Postgres has the ability to create clusters of databases that run on the same machine concurrently. One thing that I did not know about postgres is that you can also run multiple versions of postgres at the same machine concurrently along with the mutliple clusters mentioned earlier. But how can one view information about all these instances and clusters and how can we connect to each of them and how can one upgrade the clusters running on one version to another?
I am running Debian on my personal computer and the rest of this post is going to be a very brief description of how I managed to upgrade and tidy up after my postgres instances running on my local computer. Please note that this is not an in depth post nor I suggest in any way this approach for a live / production upgrade of postgres.
So let’s get started!
First of all let’s see which versions of postgres are running on our box. As a super user execute the following command
When using the command line clients of MySQL or Postgresql it is often the case that the output of some select statement does not display very well, either because the query returns too many columns or the contents of a column are too long. In such cases it would be really nice to display the query results line by line in a vertical listing instead of the horizontal listing. A similar display can be found in both MySQL and Postgresql. So, let’s assume that you have a table that was created with the following SQL statement: Continue reading “Vertical display output in MySQL and Postgresql”→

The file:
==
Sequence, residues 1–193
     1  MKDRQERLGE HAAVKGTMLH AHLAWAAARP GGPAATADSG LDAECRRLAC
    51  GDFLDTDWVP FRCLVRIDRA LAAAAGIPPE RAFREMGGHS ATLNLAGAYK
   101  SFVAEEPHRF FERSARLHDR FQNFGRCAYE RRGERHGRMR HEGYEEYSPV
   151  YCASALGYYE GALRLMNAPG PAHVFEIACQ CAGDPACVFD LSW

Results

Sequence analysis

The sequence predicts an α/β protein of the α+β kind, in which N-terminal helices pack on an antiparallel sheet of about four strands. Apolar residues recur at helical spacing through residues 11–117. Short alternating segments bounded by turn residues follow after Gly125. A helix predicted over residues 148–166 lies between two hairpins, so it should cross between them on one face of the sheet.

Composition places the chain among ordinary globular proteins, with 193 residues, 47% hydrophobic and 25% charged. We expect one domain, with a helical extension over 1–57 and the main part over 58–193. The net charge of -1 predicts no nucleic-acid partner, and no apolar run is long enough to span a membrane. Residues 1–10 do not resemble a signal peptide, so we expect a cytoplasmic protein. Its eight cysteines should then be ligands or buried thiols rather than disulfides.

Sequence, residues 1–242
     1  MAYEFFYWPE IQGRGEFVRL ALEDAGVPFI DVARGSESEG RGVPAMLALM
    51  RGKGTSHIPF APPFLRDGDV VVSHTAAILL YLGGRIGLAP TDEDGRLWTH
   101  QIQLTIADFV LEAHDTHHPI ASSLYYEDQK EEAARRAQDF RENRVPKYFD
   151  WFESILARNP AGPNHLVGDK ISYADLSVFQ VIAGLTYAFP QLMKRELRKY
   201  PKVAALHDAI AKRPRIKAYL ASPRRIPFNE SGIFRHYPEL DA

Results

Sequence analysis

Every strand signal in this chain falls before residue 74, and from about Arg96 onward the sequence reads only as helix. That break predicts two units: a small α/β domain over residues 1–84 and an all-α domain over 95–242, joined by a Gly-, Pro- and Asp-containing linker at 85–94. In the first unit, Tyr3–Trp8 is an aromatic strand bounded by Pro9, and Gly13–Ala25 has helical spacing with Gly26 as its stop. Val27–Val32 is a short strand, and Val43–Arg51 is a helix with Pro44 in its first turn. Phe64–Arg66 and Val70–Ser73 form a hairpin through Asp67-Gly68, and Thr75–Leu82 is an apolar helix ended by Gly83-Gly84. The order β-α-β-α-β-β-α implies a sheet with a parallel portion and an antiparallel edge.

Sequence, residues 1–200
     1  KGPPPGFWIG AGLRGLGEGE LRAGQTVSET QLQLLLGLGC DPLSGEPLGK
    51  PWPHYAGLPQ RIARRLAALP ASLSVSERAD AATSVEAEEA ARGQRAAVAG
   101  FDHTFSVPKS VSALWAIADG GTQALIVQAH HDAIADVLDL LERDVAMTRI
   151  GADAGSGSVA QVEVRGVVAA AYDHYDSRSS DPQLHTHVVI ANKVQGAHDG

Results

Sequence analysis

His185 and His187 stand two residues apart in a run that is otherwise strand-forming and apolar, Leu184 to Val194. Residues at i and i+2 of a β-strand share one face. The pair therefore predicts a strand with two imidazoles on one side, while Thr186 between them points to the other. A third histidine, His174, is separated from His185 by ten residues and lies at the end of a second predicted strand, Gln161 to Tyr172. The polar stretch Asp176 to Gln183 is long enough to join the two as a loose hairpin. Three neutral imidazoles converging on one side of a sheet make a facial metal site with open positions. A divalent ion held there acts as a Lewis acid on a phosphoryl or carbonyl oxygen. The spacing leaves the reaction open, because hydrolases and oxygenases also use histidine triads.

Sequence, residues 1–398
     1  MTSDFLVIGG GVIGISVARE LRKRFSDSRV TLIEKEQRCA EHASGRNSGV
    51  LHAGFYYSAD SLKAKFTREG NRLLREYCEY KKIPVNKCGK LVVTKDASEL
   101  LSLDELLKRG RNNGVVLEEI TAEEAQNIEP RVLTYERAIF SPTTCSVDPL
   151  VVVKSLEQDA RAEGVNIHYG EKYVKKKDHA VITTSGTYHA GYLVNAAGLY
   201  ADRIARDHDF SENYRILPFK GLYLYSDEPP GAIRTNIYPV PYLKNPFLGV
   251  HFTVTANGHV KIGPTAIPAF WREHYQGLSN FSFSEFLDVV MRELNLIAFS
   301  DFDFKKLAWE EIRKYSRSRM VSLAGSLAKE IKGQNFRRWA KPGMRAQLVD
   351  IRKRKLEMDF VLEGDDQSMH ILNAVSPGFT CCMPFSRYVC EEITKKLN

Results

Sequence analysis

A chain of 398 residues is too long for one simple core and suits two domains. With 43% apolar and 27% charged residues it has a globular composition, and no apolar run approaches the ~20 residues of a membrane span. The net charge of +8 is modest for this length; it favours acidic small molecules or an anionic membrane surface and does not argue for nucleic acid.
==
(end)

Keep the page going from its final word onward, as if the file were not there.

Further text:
The two basic types of indexes in PostgreSQL are B-trees and Hash. Personally I have only used the B-trees, but recently a friend of mine asked me a question about the way PostgreSQL handles indexes on text fields internally. The question was: “Assume that you have created an index on a varchar field and then you issue a query to retrieve some results. Does your query use the index with the LIKE operator?”